Japanese women are entering the male-dominated world of hunting — at the government’s request

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Hunter Masami Hata shoots at a duck in a forest outside Hakusan.
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Thomas Peter/Reuters

In Japan, it was once considered taboo for a woman to speak with a man before he went on a hunt. But a rising number of female hunters are taking up arms, at their government’s behest.

Over the last decade, Japanese farmers have lost up to $170 million annually because of a booming deer and boar population, among other animals that nosh on vegetable crops. The Ministry of Agriculture enlists hunters to help control the pest problem and protect the farms.

At the same time, there are fewer male hunters in Japan due to age and rural depopulation. Hunting groups and local governments are now recruiting women to get the job done.

Thomas Peter, a German photographer based in Tokyo, spent time with budding female hunters for Reuters in late 2016. Here’s a look at what it was like.


Just over 1% of registered hunters in Japan are women.

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Morning mist rises behind a hunting lodge in a forest outside Hakusan.
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Thomas Peter/Reuters

But that could soon change. Reuters reports that local Japanese governments are recruiting women through social media to enter the male-dominated world of hunting.

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Thomas Peter/Reuters

They need whatever help they can get. Since the late 1990s, the deer population in Japan has shot up over 650%, from less than 400,000 to more than three million.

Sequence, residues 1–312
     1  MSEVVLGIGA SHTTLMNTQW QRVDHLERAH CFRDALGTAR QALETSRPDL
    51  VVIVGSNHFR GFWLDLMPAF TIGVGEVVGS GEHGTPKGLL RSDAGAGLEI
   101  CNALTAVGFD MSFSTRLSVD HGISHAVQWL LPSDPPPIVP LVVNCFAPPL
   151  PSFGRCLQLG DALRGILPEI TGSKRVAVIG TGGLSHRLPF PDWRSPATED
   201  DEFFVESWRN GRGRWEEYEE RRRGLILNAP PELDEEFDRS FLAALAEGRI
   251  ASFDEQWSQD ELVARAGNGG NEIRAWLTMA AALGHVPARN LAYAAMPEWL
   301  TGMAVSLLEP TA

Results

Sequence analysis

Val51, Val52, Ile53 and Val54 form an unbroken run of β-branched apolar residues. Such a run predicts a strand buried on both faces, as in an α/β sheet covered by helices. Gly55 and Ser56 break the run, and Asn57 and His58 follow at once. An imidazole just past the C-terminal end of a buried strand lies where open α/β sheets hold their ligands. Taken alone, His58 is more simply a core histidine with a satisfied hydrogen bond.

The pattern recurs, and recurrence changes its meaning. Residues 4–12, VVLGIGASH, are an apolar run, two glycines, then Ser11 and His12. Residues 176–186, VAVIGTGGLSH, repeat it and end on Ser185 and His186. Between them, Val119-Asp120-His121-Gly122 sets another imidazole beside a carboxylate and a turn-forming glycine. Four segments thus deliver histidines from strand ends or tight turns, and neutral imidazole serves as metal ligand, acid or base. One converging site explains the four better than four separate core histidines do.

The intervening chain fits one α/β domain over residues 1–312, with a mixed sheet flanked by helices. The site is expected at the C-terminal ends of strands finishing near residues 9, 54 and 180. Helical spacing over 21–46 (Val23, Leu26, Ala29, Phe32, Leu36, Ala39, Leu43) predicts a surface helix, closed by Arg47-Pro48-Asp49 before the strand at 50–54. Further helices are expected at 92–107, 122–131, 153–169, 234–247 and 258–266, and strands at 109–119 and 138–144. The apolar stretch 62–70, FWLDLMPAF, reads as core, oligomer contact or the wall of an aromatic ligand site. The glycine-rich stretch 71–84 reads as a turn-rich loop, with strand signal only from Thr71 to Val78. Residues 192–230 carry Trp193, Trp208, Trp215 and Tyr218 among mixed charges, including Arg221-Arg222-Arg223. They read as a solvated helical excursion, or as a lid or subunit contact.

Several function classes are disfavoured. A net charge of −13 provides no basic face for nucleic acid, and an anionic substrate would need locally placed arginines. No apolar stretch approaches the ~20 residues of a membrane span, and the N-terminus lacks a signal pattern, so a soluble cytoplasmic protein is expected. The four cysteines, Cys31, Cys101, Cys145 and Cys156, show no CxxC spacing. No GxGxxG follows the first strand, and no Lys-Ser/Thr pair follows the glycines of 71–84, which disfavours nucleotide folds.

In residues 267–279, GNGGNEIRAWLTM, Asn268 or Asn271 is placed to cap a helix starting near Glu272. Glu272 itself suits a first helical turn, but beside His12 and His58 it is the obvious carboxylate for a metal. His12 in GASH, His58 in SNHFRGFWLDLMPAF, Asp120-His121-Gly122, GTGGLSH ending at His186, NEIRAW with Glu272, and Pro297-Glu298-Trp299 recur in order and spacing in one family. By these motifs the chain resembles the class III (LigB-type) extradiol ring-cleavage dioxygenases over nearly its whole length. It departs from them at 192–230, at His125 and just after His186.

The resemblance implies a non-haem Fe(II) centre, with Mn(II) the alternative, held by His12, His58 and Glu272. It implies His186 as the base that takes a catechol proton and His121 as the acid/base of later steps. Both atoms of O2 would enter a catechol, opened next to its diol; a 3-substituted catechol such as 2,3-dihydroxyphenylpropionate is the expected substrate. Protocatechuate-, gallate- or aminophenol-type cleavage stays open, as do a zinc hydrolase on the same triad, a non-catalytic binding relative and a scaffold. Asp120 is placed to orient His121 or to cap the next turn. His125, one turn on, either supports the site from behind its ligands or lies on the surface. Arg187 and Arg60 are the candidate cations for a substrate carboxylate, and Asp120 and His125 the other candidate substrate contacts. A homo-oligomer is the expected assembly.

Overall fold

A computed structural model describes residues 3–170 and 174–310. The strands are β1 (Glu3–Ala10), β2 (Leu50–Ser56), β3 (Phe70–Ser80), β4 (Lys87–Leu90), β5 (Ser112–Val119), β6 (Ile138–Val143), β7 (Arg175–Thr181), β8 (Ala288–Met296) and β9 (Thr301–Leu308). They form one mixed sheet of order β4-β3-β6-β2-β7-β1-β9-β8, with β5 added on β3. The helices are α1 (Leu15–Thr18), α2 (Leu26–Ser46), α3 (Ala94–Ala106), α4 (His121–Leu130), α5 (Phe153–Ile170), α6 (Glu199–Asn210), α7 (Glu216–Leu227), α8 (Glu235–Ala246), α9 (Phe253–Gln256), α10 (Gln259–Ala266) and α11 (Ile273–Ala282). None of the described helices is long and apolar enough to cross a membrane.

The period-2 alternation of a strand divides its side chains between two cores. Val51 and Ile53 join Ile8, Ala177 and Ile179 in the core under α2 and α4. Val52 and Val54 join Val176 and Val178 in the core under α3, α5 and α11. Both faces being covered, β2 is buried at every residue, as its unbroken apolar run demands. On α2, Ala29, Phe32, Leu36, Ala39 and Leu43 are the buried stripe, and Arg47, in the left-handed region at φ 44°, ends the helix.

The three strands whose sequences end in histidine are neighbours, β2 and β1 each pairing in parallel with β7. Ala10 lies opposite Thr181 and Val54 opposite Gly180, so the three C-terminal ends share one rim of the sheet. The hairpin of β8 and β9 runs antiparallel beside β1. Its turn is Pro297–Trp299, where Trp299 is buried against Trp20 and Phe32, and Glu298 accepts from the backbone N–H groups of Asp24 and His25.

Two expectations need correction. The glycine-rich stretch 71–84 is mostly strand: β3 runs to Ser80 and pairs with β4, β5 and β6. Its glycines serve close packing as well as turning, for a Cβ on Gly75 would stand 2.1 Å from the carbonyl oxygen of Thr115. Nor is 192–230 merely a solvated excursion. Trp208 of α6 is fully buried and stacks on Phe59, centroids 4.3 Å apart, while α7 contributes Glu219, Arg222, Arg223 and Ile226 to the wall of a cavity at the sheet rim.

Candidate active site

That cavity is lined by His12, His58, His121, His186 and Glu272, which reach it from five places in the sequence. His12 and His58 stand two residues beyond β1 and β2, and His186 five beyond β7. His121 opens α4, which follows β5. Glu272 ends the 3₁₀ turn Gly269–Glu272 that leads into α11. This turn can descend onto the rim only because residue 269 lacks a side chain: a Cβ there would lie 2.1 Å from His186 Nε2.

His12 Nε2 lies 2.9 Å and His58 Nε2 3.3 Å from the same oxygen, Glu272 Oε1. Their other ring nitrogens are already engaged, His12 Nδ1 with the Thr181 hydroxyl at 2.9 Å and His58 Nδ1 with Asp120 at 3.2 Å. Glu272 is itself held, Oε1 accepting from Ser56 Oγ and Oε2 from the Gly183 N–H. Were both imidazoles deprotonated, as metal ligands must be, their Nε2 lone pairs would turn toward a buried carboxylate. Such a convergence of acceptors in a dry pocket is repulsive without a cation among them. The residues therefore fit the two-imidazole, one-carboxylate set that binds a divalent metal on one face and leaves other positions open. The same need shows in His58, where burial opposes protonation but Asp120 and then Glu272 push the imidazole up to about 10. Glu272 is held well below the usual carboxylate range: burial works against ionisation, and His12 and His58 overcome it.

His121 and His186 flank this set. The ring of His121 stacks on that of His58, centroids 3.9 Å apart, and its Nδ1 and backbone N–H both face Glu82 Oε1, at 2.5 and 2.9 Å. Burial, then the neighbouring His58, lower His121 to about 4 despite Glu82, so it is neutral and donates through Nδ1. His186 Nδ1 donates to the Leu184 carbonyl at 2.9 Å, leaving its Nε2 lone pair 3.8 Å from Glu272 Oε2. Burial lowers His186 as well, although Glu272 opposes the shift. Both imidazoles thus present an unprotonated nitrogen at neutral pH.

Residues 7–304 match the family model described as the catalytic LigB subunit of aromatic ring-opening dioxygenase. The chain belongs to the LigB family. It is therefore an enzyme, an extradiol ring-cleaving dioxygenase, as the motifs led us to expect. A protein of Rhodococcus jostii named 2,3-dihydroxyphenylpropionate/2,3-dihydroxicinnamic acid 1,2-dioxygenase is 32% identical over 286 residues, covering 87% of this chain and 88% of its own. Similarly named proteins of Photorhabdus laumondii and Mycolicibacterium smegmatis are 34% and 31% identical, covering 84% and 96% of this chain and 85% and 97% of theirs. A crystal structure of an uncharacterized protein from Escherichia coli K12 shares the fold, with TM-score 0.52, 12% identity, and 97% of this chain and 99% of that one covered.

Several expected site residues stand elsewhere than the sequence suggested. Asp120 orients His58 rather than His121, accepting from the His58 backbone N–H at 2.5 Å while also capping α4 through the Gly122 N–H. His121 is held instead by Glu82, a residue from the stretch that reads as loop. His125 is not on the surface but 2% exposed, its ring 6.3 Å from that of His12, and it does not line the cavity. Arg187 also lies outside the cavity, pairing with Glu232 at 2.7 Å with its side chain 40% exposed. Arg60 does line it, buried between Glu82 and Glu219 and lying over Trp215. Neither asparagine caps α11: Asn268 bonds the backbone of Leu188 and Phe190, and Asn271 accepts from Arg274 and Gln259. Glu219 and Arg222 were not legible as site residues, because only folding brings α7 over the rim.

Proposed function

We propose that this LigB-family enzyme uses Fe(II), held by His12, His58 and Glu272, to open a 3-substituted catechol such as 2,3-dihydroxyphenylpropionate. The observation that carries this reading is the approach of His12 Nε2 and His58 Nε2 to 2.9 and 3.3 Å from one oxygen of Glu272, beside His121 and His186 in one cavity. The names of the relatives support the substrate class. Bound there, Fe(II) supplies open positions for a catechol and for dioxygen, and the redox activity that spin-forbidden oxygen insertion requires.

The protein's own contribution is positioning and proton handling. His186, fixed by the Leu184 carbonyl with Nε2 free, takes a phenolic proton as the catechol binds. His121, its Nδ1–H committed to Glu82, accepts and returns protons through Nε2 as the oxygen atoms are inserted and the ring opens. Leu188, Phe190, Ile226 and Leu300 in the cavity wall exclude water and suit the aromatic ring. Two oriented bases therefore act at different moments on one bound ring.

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Deer bones are seen in a shed.
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Thomas Peter/Reuters

The boar population is also growing out of control, doubling from about 500,000 to one million over the same period, according to the Ministry of Environment and Reuters.

The animals feast on vegetable crops, costing farmers up to $170 million annually.


The national agency responsible for oversight of agriculture, forestry, and fishing, told Reuters it tried building fences and chasing animals away in order to minimize deaths.

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Hunter Fujiko Nagata and her husband Izumi walk in a forest looking for bear in Hakusan.
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Thomas Peter/Reuters

“But it wasn’t enough,” said Kazuhiro Akiba, head of the ministry’s Wildlife Management Office in Tokyo. He added that hunting is necessary to “maintain a healthy ecosystem.”

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Hunter Chiaki Kodama points at a deer prints on a road outside Oi.
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Thomas Peter/Reuters

Cue the women.

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Hunters Chiaki Kodama and Aoi Fukuno eat breakfast before their hunting trip in Oi.
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Thomas Peter/Reuters

Chiaki Kodama is a hairdresser and a city councilor in her late twenties. She always longed to be a hunter, to protect farms and her own crops, and got a license in 2014.

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Hunter Chiaki Kodama guts a deer in a shed in Oi.